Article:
- Sweet onions
- Crispy garlic
- Crispy onion
- Wonton crisps
- Togarashi – A Japanese chili pepper spice blend consisting of dried chiles, peppercorns, sesame seeds, and nori
- Furikake – Referred to by many as the ‘salt and pepper’ of Japan. Furikake is a dried seasoning blend, used to flavor everything from cooked rice to seafood to noodles and vegetables. It’s made up of dried fish, sesame seeds, chopped seaweed, sugar, salt, and monosodium glutamate.
- Seaweed salad
Other Sauces for Poke
Trust me, if you make the poke marinade above, you won’t need anything other than a drizzle of homemade spicy mayo (can totally skip this if you want a more mild heat, there’s red pepper flakes in the marinade!). Teriyaki, ponzu, and sweet chili sauce are all common options at poke shops here in the States.
Fun fact: when I worked in the kitchen at Perry Street (a Jean Georges Michelin-starred restaurant in NYC), the food we prepared was French-Asian fusion and I worked with these ingredients on the regular. Do not be intimidated by working with new ingredients! These spices are available at most Asian grocers and markets and will add huge amounts of flavor to the dishes you make!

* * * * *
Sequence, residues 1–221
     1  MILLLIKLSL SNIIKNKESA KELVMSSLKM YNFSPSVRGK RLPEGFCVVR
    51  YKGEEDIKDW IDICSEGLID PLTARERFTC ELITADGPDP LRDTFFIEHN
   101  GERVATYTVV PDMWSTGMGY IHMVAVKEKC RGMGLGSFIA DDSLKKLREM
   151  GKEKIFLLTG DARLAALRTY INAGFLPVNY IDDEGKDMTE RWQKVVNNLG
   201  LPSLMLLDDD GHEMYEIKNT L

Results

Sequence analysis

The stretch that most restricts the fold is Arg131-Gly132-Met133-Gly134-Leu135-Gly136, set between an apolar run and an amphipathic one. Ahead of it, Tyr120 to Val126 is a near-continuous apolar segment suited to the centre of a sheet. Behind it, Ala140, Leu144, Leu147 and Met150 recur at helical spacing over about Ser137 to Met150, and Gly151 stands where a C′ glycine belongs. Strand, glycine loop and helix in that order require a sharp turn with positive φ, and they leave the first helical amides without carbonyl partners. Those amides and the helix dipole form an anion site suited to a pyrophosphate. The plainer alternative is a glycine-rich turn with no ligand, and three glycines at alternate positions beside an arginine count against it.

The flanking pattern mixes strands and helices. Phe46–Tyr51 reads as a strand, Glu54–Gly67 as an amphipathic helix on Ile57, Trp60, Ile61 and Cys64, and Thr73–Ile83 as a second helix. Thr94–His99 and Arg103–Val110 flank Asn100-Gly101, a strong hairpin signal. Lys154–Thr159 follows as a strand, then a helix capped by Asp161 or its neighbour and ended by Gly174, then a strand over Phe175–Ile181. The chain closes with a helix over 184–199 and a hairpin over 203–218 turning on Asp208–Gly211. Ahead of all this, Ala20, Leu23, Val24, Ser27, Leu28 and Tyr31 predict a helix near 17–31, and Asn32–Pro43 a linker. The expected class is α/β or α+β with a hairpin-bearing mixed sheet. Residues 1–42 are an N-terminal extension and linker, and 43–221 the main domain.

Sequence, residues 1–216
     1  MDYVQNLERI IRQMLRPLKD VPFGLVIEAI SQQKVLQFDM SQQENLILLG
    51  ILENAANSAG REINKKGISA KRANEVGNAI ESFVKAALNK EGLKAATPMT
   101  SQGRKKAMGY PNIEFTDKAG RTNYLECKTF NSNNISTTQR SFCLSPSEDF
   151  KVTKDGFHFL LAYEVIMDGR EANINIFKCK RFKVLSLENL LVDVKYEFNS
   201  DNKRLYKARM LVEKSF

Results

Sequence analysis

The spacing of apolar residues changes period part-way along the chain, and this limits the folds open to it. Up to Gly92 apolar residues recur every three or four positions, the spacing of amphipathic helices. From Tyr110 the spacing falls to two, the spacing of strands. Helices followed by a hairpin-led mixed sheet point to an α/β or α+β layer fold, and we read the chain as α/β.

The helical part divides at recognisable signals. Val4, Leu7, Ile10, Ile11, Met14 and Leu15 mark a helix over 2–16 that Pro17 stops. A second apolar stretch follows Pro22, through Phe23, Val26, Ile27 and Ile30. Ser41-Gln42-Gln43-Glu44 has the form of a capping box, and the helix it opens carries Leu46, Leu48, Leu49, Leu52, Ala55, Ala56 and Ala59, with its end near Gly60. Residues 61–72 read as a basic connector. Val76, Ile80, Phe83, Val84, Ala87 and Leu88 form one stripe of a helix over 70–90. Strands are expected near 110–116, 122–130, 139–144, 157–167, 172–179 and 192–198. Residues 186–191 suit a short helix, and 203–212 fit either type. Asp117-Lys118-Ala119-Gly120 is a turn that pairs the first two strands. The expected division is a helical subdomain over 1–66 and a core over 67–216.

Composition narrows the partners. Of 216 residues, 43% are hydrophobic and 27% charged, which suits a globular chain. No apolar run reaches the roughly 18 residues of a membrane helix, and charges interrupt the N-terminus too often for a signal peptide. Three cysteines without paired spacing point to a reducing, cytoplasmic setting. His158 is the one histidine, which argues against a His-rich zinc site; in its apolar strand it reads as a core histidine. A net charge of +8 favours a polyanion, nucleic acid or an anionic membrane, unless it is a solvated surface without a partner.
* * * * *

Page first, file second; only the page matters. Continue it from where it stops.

Want to Make Other Varieties of Poke?
You can use this same marinade with other high quality, sushi- or sashimi-grade fish such as salmon or yellowtail. Ask your fish monger for recommendations on what’s freshest and best for sushi preparations!
Honestly, you could even toss cooked shrimp in this marinade and serve it over sushi rice. You do you!
We are crossing all fingers and toes that we’ve said enough to convince you to try this poke bowl recipe. It is the lap of luxury and damnit, you deserve the best!
If you make this Ahi Tuna Poké Bowl recipe, please let us know by leaving a rating and review below.